Technically, That Tree Is Already Dead

, , , | Working | June 23, 2020

Coworker #1: *Under her breath* “Do I choose lazy or do I choose the tree?”

Coworker #2: “Excuse me?”

Coworker #1: “Well, I can’t remember if I printed the document or not, so I’m just now pondering: do I choose to be lazy and print again so that I don’t have to take a second trip to the printer or do I save a tree by checking the printer first?”

Coworker #2: “I would choose the tree.”

[Coworker #1] waits a moment and then goes to check the printer. She comes back empty-handed.

Coworker #1: *Muttering* “I should have chosen lazy.”

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Don’t Bypass The Signs

, , , , | Healthy | June 21, 2020

I’m sitting across from [Coworker #1] and [Coworker #2] comes up to him.

Coworker #2: “I need you to drive [Coworker #3] home; he is not feeling well. He has chest paint, is short of breath, his left arm hurts…”

Basically, insert all symptoms of a heart attack here.

Me: *A bit incredulously* “I’m no doctor, but that sounds as if he needs to go to the ER instead of home.”

Coworker #1: *Looks at me assessingly* “I think [My Name] is right. He needs a doctor.”

Coworker #2: “No, no, he wants to go home.”

[Coworker #1] went to check on [Coworker #3] and I saw them leaving. An hour later, [Coworker #3] was on the operating table, having a triple bypass.

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Maybe He’s A Born-Again Christian?

, , | Right | June 19, 2020

I work in the call center of a medical insurance company. The insured are from all over the world. In this particular instance, the caller is from Africa.

Me: “Good morning. [Firm], this is [My Name] speaking. How can I help you?”

Client: “I saw that you used my first date of birth, May 2, 1969, but this should be my second date of birth, August 16, 1971.”

Me: “I’m sorry we got your birth date wrong.”

Client: “No, no, you used my first date of birth; you need to use my second date of birth.”

Me: “What do you mean by your second—”

Client: “August 16, 1971, not May 2, 1969. Have you got that?!”

Me: “I wrote it down, but can you explain to me—”

Client: “You better not mess this up again. You have to use my second date of birth.” *Click*

It’s been over five years, but I still have no idea how someone can be born twice, especially since the dates were nothing alike; it was not like we mistyped a number or had the wrong year.

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Manager, Manage!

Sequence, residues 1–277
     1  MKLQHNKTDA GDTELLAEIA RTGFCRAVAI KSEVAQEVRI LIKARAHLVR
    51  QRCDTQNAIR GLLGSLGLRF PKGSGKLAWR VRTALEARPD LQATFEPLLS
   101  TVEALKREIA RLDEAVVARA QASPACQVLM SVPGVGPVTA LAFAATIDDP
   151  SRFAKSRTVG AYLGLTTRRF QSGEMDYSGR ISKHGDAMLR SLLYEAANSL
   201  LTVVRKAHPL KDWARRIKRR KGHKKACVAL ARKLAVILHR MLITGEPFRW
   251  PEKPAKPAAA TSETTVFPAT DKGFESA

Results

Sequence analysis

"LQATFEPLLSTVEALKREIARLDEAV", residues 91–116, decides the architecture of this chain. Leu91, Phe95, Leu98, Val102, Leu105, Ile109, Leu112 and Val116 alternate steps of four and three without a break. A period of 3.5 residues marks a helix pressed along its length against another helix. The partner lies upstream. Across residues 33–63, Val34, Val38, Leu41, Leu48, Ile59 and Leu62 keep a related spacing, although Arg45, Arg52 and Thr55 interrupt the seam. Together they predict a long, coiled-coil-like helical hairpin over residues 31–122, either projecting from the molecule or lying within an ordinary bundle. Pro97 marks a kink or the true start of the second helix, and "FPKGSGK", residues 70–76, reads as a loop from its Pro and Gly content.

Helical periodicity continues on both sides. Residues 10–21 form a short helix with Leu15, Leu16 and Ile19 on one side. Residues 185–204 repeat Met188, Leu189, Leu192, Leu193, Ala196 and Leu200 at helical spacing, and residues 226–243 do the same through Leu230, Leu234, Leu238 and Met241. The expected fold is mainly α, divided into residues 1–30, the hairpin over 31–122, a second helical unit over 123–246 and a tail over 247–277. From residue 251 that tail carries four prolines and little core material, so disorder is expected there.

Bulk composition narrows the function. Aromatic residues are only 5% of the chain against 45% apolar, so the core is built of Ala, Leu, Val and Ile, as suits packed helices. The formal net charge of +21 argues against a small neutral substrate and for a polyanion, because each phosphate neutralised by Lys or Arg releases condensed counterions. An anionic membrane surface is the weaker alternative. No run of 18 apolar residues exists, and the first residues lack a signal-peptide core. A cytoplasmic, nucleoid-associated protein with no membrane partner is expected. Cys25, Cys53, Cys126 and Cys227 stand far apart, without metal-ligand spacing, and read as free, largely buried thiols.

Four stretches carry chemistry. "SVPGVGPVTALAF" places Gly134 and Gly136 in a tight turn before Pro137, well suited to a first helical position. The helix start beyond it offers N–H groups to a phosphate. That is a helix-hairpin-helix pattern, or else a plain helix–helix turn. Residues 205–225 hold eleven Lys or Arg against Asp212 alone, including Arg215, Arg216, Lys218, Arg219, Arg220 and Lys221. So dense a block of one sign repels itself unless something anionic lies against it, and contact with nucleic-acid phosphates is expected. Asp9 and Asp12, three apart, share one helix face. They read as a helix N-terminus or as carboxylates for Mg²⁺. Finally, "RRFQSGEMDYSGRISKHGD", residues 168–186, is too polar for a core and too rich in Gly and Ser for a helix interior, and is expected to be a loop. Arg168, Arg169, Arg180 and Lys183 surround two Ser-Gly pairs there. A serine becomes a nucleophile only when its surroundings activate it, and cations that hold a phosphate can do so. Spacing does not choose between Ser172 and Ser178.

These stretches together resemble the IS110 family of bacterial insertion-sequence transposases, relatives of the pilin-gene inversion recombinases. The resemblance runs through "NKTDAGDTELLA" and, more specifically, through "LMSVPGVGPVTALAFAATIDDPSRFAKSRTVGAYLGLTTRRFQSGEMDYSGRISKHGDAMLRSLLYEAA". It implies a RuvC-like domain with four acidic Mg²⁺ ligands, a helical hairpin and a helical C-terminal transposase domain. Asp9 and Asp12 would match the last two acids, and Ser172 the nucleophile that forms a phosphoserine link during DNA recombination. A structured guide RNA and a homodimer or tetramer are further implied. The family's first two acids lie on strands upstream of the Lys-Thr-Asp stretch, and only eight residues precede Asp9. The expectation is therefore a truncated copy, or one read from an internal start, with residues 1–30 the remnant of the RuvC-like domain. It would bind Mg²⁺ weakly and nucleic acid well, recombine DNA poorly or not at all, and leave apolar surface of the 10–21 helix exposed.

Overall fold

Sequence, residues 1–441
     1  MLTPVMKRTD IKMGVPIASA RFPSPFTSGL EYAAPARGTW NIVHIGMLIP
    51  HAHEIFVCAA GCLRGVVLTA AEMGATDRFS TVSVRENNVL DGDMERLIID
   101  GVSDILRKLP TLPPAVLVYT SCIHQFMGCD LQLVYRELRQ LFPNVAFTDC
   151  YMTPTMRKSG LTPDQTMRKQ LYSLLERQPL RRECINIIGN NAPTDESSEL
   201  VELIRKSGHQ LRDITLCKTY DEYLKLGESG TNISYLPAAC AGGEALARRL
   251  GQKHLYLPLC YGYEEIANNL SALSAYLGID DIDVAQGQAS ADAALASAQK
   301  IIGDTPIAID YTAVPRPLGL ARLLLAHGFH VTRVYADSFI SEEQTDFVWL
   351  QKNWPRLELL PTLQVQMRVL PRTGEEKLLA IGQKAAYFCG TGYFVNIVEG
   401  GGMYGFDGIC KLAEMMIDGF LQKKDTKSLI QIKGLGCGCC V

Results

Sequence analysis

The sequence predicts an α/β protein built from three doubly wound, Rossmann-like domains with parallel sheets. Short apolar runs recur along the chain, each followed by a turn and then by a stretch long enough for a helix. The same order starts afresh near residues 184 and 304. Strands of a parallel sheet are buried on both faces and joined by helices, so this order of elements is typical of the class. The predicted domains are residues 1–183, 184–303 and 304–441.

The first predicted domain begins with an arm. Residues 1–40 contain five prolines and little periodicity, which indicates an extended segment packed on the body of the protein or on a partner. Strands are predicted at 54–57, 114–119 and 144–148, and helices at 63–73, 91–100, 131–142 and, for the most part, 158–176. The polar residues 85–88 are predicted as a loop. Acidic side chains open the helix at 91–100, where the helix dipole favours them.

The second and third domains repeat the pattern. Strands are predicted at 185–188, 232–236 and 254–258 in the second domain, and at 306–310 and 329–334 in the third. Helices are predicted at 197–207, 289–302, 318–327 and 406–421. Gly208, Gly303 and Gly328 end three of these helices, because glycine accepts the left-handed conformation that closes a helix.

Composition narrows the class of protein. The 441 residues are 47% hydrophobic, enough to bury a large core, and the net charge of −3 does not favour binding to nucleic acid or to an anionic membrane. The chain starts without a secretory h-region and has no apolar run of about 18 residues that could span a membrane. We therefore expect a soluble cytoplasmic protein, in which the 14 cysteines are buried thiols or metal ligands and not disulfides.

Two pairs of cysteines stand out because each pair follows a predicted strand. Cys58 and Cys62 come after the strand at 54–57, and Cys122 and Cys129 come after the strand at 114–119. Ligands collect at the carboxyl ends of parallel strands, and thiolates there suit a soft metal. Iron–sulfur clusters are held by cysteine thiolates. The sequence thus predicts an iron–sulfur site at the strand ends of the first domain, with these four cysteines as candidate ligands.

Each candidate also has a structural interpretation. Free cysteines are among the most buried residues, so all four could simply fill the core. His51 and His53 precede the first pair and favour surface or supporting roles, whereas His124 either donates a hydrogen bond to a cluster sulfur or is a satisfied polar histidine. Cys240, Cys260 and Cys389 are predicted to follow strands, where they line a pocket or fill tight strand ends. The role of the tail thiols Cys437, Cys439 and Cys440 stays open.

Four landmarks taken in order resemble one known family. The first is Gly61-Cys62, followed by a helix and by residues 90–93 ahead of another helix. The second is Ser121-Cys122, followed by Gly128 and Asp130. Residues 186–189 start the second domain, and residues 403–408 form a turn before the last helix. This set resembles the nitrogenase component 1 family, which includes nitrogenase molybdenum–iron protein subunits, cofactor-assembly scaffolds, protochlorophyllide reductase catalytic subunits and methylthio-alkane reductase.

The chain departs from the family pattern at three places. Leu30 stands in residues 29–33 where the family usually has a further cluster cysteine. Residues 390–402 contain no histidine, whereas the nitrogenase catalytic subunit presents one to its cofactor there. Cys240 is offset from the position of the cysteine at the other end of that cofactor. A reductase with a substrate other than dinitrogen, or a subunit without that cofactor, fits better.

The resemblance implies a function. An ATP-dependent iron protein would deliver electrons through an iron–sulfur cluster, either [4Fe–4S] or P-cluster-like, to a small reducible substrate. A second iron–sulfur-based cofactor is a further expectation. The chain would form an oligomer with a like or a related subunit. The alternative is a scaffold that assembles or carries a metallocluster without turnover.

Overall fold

, , , , | Working | June 17, 2020

I recently bought a little manicure set, the kind that you can fit in your purse, in some kind of “dollar shop” where they have cheap products but from decent quality.

My mother is in the hospital for a few weeks and asks me if I can buy her one of those sets so she can take care of her nails while there, so I go back to the store and see that they still have a lot of them, but instead of the one I bought, they’re not wrapped in plastic with the barcode on them. 

I check the basket they’re in to see if there’s any plastic with the barcode to take to the cash register, but I don’t find any.

I figure they’ll know what to do at the cash register and go on with my shopping. When I’m at the register, this conversation happens with the manager. I go there often and know that the lady at the cash register is the manager and not just a cashier.

Manager: “There’s no barcode on this.”

She gestures to the manicure set.

Me: “Oh, they were all like this; I didn’t find any with the code on it.”

Manager: “I can’t scan this with no code.”

I’m a bit speechless. I don’t know what to say or do at this reaction.

Me: “Um, okay…”

Manager: “You should have asked somebody to get a code on this.”

Me: “Well, I browsed the whole store—” *I did!* “—and didn’t see anybody from the store, to be honest.” 

I really didn’t see anybody!

Manager: “You should have searched for somebody and asked to put a code on this.”

Me: “Was I supposed to, I don’t know, enter the breakroom and get somebody? Wouldn’t that be your job? Like now, can’t you just call someone, or check on your computer for a code or something?”

Manager: “Next time, ask somebody.”

Me: “Next time, make sure your products are labelled properly. It’s not a customer’s job to do so.”

She kept muttering, “You should have asked somebody,” the whole time. She eventually managed to — manually — scan the manicure set, and I could finally pay and leave.

The sad thing is, this kind of thing happens quite often in that store.

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This Is Why We Have To Have These Rules

, , , | Friendly | June 16, 2020

Due to circumstances, we had to rely on the foodbank for a while. The way they operate is that you need proof of low income to register and then pay ten euro a week for a box of groceries. These are usually goods close to the sell-by date. If you skip a week, you still need to pay the fee; if you skip three weeks, you’re out. This is, of course, to avoid abuse.

I’m in line to pick up my goods and in front of me is another customer getting irate because he is removed from the list for skipping four weeks in a row. There is some discussion, a manager gets involved, and because he has kids, the manager agrees to add him again to the list, but he needs to pay the fee for the past weeks by way of a fine.

The customer, still irate, says, “I’m not going to pay the fine. I’ve been to Spain with my family; have you any idea how expensive that is?”

Strangely, he was blacklisted after this.

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